Platform: PlayStation 4, PlayStation 5, Stadia, Switch, Xbox One, Xbox Series X, Windows PC (Reviewed)
Release Date: 30 March 2021
Price: $39.99 USD/$55.95 AUD – Available Here
As the name implies Disco Elysium: The Final Cut is the version of the gritty psychological detective game the developers envisioned. Some content has been rescued from the cutting room floor, and some are new to game. Players will be able to enjoy full voice acting, new side quests, console support, and some smaller quality of life features. While the game is out on consoles for the first time, PC players who already own the original game will get a free upgrade.
Disco Elysium: The Final Cut has an interesting take on character development. Instead of emphasizing the interaction between characters, the game focusing heavily on the player moulding their character. The format works well as the player character is a completely blank slate after waking up with amnesia due to a hard night of drinking. The inner dialogue is where players will establish their character’s personality and world view. The inner dialogue is interesting and provides players a lot of options that breaks out of the standard binary of good and bad moral decisions. Instead, it’s a good mix of moral, social, and political outlooks on life.
The lore is excellent. It is an incredibly rich world, and the developers take every opportunity to let players learn about the bleak world of Revalchol. The sheer volume can be a little intense, but almost all of it is optional for those who prefer to focus on the story.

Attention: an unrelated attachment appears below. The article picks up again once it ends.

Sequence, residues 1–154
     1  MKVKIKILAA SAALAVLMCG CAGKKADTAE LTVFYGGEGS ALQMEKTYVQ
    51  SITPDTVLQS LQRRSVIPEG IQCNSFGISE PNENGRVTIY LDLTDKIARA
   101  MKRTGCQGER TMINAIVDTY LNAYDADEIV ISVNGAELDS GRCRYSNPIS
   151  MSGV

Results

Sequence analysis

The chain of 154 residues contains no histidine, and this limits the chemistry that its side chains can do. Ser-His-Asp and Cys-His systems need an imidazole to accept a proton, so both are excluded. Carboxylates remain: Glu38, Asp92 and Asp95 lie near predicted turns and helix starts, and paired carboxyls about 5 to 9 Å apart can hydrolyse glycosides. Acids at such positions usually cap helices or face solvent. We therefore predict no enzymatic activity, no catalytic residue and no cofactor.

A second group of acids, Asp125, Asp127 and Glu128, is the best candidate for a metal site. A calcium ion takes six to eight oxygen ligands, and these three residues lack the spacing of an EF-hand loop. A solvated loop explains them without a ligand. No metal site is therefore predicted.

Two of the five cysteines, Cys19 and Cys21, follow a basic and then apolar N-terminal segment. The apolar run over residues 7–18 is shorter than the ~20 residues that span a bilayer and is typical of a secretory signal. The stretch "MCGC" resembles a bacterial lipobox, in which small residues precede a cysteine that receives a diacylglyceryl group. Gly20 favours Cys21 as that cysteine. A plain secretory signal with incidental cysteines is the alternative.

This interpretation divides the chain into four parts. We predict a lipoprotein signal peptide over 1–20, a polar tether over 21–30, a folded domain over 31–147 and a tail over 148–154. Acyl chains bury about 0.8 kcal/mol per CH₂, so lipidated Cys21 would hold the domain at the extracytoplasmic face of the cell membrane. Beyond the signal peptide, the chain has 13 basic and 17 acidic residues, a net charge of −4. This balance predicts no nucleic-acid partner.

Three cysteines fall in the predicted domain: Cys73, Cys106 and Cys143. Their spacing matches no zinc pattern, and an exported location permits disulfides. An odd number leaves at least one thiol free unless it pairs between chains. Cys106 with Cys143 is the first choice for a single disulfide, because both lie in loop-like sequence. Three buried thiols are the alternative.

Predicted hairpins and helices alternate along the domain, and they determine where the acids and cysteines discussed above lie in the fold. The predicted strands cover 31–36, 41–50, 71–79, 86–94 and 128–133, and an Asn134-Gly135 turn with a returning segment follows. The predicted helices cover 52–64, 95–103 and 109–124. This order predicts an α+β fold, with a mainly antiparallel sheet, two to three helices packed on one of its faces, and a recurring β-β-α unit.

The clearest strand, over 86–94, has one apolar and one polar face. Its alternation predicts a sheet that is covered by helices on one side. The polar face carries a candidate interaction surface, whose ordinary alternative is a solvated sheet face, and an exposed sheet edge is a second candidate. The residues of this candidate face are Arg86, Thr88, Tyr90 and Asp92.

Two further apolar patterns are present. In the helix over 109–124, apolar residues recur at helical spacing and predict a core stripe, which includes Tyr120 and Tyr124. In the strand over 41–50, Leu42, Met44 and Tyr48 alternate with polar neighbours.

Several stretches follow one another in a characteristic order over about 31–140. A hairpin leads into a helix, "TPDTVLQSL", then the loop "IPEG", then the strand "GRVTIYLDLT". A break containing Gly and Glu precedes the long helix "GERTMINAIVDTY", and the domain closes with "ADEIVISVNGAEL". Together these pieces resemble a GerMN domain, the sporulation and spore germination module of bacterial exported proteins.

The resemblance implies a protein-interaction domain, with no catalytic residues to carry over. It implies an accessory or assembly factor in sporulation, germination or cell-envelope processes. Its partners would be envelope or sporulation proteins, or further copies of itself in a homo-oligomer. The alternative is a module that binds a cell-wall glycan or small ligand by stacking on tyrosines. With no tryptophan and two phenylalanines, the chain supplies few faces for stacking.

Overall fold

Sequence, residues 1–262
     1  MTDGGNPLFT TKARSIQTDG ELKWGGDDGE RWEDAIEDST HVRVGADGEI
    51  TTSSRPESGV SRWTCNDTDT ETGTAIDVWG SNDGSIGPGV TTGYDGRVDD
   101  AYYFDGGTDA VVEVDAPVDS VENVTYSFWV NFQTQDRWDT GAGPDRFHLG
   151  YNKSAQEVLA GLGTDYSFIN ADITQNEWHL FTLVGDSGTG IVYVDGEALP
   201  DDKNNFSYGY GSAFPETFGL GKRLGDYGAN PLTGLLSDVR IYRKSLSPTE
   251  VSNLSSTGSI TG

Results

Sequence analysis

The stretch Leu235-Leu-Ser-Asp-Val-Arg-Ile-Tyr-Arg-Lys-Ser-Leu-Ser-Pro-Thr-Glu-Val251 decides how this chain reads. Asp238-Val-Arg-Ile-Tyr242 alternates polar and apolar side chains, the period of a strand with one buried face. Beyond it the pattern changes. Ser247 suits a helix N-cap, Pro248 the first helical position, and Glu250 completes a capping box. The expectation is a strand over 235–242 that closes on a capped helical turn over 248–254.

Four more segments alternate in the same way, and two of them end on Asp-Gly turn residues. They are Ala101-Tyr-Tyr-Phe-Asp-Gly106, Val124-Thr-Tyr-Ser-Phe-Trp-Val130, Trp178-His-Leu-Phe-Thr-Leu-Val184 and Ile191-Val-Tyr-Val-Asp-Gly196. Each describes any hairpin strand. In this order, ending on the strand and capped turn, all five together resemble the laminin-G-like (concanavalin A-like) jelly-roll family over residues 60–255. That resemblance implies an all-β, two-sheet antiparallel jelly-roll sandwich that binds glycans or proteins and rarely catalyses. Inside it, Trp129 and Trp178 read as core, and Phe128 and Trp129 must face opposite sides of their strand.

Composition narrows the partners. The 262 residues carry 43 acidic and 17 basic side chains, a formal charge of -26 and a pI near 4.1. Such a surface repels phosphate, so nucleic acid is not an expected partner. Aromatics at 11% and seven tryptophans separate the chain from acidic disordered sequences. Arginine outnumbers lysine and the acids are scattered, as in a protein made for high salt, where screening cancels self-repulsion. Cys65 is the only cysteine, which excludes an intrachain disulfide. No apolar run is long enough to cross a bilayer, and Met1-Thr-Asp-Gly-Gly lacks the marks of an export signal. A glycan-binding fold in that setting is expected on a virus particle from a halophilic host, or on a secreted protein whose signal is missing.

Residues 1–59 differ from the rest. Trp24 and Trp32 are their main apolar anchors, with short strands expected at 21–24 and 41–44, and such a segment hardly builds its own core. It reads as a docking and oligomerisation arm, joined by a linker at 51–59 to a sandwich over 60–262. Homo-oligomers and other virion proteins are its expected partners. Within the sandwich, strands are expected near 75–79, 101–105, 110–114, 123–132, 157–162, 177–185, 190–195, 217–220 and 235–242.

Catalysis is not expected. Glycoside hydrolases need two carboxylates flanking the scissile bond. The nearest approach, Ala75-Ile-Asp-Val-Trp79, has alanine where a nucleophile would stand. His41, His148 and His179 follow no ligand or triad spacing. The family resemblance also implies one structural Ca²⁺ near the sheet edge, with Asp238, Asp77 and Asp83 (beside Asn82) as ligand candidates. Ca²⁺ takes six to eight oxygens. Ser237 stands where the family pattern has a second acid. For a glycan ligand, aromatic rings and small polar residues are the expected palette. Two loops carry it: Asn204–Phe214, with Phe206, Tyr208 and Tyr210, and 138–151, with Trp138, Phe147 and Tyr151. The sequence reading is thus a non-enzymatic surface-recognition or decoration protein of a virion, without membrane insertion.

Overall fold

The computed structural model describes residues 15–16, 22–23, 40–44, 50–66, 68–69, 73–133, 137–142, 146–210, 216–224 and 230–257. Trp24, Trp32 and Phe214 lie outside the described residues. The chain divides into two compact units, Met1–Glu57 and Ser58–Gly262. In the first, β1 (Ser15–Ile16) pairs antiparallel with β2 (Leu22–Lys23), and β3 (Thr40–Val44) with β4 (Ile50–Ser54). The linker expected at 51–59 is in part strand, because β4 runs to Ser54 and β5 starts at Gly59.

Disco Elysium: Final Cut is an RPG that is reminiscent of low to no combat tabletop RPGs. It’s a refreshing break from the standard RPG convention where players are generally expected to hack and slash their way through the world with social interaction and diplomacy as an afterthought or an occasional alternative. Having players punch their way through is a perfectly valid tactic, but there’s no combat system in sight. Instead, everything works on a skill check system where players roll dice with their bonuses and penalties to see the result. The game is extremely clear about the percent chance of success, which is helpful for those of us who just can’t do math on the fly.
The skill system is excellent. To start off, players can choose one of three pre-made personalities representing a set of skills or create their own. Skills are categorized under four ability types corresponding to four main approaches players can take to solve problems in game. Equipment and the Thought Cabinet can offer additional skill buffs and penalties, which can help bridge the gap for players struggling with certain rolls. Everything is well organized, and the skills chosen for checks are usually appropriate for the context. The only downside is the sheer number of skills can be a little overwhelming at times, especially in the beginning.